Friday, December 4, 2020

The Primary Care Shortage in the MidEast Region

As of September 30, 2020, more than 81 million Americans lived in over 7,200 areas or settings designated by the Health Resources and Services Administration (HRSA) as a primary care Health Professional Shortage Area (HPSA). An HPSA is a population group, geographic area, or facility that has substandard access to health services because it lacks a sufficient number of primary care, dental or mental health care practitioners. In terms of primary care, HRSA designation criteria is based upon the population within the HPSA relative to the number of primary care providers that service the area. For HRSA purposes, primary care providers include Doctors of Osteopathy (DO) or Doctors of Medicine (MD) who practice as general or family medicine practitioners, general internal medicine physicians, pediatricians, obstetricians or gynecologists. While the population-to-provider ratio needed to qualify for designation varies by HPSA type (population, geographic or facility), all HPSAs with a primary care shortage designation have a population-to-provider ratio that meets or exceeds certain thresholds stipulated by federal regulations. Areas designated as an HPSA are eligible to participate in federal programs aimed at attracting more primary care practitioners to work with these medically underserved populations. The HRSA estimates that, as of September 30, 2020, all primary care HPSAs in the U.S. would need nearly 15,000 more primary care providers to eliminate all shortage designations.

HPSAs in the MidEast region account for just over 8% of the U.S. population who live in primary care shortage areas. To eliminate the primary care shortage in the region, the HRSA estimates that MidEast region HPSAs would need over 1,550 more primary care providers. Here is a summary look at the primary care shortage in the MidEast region:

The Primary Care Shortage in the MidEast Region

The Primary Care Shortage in the MidEast Region

State (1) HPSAs (2) Population (3) Shortage
DC 15 240.5 58
DE 13 233.9 55
MD 45 801.5 112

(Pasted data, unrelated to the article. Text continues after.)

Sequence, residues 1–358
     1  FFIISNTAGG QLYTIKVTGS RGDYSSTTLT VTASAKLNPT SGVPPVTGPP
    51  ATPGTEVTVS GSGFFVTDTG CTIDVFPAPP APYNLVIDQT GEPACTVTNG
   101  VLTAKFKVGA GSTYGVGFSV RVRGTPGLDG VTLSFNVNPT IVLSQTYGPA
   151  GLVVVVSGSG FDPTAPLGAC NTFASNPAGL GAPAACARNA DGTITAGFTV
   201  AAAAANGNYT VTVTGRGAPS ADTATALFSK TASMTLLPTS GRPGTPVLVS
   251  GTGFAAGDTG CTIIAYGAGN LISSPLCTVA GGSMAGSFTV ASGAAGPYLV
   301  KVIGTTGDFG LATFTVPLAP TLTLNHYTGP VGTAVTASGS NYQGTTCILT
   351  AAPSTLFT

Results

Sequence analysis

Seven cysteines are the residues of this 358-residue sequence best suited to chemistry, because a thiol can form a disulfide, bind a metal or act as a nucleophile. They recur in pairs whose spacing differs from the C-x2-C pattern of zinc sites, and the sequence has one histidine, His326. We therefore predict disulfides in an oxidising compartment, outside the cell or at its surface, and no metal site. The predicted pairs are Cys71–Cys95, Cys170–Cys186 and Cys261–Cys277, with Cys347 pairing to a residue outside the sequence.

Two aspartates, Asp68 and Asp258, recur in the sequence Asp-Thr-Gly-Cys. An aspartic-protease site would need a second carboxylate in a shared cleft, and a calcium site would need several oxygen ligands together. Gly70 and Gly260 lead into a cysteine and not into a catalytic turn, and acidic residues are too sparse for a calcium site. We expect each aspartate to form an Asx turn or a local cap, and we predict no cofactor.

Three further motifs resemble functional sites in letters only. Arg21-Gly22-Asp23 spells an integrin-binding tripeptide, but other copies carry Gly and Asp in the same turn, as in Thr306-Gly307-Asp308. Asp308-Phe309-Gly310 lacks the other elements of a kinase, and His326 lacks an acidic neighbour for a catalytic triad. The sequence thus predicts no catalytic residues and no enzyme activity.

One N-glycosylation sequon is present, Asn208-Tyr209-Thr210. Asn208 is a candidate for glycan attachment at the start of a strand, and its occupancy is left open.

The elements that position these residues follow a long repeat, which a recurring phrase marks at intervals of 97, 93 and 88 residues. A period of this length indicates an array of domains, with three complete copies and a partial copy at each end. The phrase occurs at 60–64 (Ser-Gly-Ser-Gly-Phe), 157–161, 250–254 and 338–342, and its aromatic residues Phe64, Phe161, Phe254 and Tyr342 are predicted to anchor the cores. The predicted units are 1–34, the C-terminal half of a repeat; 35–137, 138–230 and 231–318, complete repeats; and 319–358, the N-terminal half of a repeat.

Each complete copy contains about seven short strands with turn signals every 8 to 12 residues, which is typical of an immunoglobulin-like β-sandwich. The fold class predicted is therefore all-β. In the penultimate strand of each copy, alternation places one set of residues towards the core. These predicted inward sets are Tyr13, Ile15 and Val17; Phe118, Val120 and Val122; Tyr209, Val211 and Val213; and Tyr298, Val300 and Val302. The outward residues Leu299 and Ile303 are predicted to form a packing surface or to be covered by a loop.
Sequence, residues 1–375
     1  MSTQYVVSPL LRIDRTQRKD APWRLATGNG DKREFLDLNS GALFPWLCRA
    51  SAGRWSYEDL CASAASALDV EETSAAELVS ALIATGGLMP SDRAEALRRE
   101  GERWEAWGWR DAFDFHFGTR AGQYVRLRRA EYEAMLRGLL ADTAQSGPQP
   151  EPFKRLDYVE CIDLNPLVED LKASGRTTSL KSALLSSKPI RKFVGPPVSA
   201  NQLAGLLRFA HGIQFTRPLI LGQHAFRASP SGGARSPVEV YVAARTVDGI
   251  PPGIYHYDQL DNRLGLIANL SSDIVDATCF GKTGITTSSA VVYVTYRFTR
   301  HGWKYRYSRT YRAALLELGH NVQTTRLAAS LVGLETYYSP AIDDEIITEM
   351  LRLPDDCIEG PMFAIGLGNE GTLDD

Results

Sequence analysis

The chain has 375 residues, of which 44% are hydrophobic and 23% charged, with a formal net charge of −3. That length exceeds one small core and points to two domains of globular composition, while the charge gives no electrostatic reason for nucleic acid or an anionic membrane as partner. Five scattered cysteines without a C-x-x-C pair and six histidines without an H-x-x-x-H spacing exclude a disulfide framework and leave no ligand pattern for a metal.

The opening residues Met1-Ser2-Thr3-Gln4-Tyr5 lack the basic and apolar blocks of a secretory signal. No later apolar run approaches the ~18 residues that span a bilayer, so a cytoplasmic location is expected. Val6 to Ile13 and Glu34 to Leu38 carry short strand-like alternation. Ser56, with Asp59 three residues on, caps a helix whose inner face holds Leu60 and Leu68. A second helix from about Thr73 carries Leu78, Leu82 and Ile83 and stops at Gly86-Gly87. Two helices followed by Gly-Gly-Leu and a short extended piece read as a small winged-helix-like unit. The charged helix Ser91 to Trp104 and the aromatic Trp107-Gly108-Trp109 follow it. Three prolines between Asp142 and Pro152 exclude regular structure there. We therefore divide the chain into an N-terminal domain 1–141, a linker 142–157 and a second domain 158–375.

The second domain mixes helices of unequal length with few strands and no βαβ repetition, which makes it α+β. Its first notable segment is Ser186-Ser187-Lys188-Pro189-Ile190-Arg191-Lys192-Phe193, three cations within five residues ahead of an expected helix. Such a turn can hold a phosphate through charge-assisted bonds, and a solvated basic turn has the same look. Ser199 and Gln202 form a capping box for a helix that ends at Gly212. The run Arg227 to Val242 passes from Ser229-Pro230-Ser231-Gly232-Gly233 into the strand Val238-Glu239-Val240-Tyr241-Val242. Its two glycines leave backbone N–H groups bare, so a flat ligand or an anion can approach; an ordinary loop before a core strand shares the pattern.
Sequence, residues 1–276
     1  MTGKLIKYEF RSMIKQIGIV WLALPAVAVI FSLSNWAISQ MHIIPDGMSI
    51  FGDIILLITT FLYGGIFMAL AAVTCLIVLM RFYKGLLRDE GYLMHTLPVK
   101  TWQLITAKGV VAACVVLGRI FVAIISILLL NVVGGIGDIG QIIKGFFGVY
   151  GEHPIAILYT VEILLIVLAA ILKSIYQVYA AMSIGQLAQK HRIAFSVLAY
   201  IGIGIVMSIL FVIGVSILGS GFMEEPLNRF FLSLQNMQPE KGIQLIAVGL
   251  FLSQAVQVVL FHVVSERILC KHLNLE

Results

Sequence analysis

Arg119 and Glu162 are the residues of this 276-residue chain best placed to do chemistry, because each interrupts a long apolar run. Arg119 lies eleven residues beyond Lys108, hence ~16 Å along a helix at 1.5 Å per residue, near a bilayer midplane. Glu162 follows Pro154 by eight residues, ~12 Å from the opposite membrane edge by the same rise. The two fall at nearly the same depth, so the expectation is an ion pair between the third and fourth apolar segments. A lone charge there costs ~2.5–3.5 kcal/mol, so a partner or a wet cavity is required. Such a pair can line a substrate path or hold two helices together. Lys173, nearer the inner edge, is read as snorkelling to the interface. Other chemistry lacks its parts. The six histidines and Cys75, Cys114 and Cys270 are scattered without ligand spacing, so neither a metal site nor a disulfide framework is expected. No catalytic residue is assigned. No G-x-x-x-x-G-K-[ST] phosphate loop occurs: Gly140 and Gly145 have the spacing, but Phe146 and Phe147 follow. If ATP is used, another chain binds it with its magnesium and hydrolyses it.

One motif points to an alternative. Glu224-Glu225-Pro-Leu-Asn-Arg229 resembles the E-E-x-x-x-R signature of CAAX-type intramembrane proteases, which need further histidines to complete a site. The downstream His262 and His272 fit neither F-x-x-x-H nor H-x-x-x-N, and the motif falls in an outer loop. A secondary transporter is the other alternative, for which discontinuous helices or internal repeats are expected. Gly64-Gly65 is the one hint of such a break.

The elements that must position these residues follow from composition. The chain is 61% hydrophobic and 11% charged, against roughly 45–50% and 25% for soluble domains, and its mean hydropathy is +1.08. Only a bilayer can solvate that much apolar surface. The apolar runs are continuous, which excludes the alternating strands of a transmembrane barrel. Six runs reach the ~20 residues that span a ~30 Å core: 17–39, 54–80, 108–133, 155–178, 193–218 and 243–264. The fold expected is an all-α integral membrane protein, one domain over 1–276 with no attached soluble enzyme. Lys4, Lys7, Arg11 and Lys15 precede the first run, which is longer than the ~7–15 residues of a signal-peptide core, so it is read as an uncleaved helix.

NJ 36 28.7 22
NY 168 4,917.4 1,197
PA 139 511.0 114
Region 416 6,733.0 1,558
U.S. 7,203 81,516.3 14,945

(1) Designated Geographic, Population Group and Facility HPSAs with a primary care shortage
(2) Population of designated HPSAs, in thousands
(3) Primary Care practitioners needed to remove HPSA Designation

Source:  Designated HPSA Quarterly Summary, 9/30/20 (HRSA)

Thursday, December 3, 2020

The Covid-19 Outbreak and Medicaid Enrollment in New England

In a previous commentary, we examined the impact of Covid-19 on enrollment in Medicaid, the joint federal-state health insurance program for eligible individuals with limited income and resources. Historically, Medicaid enrollment increases during economically difficult periods. Weak economic periods produce more unemployment, more people without job-related health insurance, more people in lower household incomes, and more people with eligibility for health insurance coverage through the Medicaid program. Conversely, during strong economic periods Medicaid enrollment tends to drop off or decline.

As in previous economic downturns, the Covid-19 induced recession has sparked an increase in Medicaid enrollment. Moreover, agencies that manage the Medicaid program in each state now forecast still more enrollment growth in the months ahead. Every region of the U.S. has experienced growth in its Medicaid enrollment numbers since the Covid-19 pandemic began. In the New England states, Covid-19's impact on Medicaid enrollment has been less severe than in other sections of the country. That said, after several years of stagnant enrollment numbers, in the first half of 2020 Medicaid enrollment in the region grew 5.6%, as compared to 6.5% nationally. Here's a summary look at the Covid-19 outbreak and Medicaid enrollment growth in New England during the first half of 2020:

The Covid-19 Outbreak and Medicaid Enrollment in New England

The Covid-19 Outbreak and Medicaid Enrollment in New England

Medicaid Enrollment (in 000s)
State July 1, 2020 Jan 1, 2020 Growth
CT 865.5 826.7 4.7%
MA 1,440.1 1,370.6 5.1%
ME 222.5 209.7 6.1%
NH 181.7 166.4 9.2%
RI 279.2 259.9 7.4%
VT 158.3 146.2 8.3%
NE Only 3,147.4 2,979.5 5.6%
National 68,826.6 64,621.4 6.5%

Source: Medicaid.gov Enrollment Reports.